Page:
It’s been 14 years since Wes Anderson’s highly stylized cult film The Royal Tenenbaums hit screens, but the cast’s Seventies-meets-boarding-school wardrobe, conceived by costume designer Karen Patch, continues to resonate—a quick glimpse around a Halloween party any given year confirms that.
And yet nowhere was the Tenenbaums revival more apparent than on the fall runways, where Margot Mania was in full effect. City to city, the character famously brought to life by Gwyneth Paltrow emerged as the unofficial muse of the season.
This story first appeared in the April 13, 2015 issue of WWD. Subscribe Today.
For those in need of a refresher, Margot Tenenbaum—the ever-complex playwright and adopted daughter—was known for her signature look: a mix of edgy bad girl and bourgeois literary snob. The kohl-rimmed eyes, blunt blonde bob parted slightly to the side with a barrette, and a cigarette dangling from her mouth in perpetuity (film fanatics will recall that the character started smoking at age 12) have become unmistakably Margot.
Her attitude? A mélange of precocious intelligence and sophistication, surliness, secrecy, sexual promiscuity and apathy. For example, when asked why she never got her finger reattached—it was partially severed during a childhood wood-chopping accident, and she wore a wooden prosthetic—Margot coolly replied, “It wasn’t worth it.”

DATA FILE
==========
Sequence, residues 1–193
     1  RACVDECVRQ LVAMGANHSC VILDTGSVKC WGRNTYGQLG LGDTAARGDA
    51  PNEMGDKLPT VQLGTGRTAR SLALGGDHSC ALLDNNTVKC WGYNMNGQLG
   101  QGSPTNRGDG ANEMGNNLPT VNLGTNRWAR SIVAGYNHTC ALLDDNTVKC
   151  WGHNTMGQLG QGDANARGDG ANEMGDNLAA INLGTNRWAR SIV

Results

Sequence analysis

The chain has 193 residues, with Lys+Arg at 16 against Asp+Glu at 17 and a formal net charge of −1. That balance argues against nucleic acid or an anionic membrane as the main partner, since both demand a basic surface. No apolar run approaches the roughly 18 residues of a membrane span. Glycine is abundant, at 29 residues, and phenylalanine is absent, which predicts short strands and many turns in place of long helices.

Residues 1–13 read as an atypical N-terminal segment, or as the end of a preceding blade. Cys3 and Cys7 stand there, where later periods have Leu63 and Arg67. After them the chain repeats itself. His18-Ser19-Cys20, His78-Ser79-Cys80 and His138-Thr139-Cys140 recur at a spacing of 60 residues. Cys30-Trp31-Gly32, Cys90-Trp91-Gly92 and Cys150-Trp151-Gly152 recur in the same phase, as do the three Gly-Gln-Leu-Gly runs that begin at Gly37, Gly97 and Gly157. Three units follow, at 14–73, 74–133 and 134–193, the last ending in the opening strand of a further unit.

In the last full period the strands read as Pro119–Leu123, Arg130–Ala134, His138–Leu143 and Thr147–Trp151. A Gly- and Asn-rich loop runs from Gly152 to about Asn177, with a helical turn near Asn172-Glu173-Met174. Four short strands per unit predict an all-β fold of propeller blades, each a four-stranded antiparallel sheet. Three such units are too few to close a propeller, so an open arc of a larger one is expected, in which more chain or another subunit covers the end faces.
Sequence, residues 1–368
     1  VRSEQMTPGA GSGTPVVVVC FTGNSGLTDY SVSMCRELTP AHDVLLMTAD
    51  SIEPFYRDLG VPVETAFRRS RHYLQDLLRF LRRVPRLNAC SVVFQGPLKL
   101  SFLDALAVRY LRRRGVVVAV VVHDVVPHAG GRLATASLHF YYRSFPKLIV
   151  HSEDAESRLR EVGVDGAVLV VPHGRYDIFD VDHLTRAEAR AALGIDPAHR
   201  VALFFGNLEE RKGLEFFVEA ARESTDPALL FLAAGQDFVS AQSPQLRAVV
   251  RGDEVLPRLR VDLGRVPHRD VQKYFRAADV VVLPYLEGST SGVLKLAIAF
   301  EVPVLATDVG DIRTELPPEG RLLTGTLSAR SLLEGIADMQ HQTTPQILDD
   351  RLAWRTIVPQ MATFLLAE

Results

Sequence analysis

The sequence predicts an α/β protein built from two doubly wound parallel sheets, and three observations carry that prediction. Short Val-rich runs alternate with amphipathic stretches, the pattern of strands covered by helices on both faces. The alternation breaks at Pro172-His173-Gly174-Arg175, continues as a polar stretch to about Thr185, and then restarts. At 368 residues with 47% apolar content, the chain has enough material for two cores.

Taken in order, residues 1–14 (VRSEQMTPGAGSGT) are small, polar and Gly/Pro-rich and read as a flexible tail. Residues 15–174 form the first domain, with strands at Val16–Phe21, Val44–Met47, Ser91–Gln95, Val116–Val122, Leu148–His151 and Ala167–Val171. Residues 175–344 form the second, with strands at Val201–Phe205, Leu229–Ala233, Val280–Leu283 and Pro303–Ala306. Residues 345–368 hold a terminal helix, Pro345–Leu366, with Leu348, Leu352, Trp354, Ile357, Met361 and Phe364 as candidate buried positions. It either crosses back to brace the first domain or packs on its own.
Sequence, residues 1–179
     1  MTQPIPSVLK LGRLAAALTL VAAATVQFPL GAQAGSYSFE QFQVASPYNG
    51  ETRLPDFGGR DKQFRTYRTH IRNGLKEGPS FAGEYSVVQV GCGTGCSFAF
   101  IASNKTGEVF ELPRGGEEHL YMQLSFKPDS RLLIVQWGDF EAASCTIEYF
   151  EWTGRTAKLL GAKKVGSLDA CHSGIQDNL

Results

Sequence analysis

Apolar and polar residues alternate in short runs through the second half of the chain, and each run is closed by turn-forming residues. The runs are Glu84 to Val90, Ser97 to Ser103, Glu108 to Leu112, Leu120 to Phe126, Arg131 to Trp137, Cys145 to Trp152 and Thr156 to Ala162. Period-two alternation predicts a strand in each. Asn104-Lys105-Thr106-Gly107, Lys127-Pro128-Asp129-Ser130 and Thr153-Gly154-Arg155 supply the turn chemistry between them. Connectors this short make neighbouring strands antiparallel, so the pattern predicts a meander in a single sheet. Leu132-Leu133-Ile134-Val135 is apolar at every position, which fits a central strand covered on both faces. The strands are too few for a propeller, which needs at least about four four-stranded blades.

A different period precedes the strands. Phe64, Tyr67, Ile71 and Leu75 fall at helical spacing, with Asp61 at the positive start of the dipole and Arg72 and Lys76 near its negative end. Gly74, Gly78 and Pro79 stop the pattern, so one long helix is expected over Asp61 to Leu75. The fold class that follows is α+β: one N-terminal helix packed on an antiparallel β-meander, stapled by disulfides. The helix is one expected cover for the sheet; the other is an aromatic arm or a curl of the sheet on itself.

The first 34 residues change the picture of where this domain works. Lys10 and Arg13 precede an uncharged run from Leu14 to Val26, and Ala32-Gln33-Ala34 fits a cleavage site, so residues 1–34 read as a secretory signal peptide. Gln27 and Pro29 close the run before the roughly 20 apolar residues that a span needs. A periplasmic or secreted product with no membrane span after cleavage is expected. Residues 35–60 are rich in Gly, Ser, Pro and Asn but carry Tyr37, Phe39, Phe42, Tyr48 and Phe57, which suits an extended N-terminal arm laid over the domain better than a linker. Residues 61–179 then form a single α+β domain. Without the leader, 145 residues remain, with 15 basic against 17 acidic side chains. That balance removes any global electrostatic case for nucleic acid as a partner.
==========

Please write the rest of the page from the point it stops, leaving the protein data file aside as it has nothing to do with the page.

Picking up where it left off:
Finally, her outfit of choice: striped tennis dress; oversize, camel-colored mink; Hermès Birkin bag; Bass loafers, nude negligee.
Designers across New York, Paris and Milan seemed to be feeling the Tenenbaums nostalgia in unison. Veronica Etro told WWD she referenced Anderson’s aesthetic for fall, as evidenced in her oversize, patterned furs and the eclectic tapestry motifs throughout the collection. A bohemian, librarian-chic vibe also pulsed through Alessandro Michele’s romantic debut collection for Gucci, which featured a mink coat that appeared to be straight out of Margot’s closet. Elsewhere, at Lacoste, Felipe Oliveira Baptista took the Tenenbaums trend a sportier step further, with some looks accessorized with athletic headbands, while Pablo Coppola channeled Margot with a weasel-fur coat at Bally. And even the fall looks from contemporary lines See by Chloé and Derek Lam 10 Crosby seemed fit for modern-day Margots, with their earthy, Seventies palettes and oversize outerwear.
With the Seventies revival on the runways still in full swing, why not add a dose of that distinctly Tenenbaums quirk? As Margot said in the film: “I couldn’t begin to even think about knowing how to answer that question.”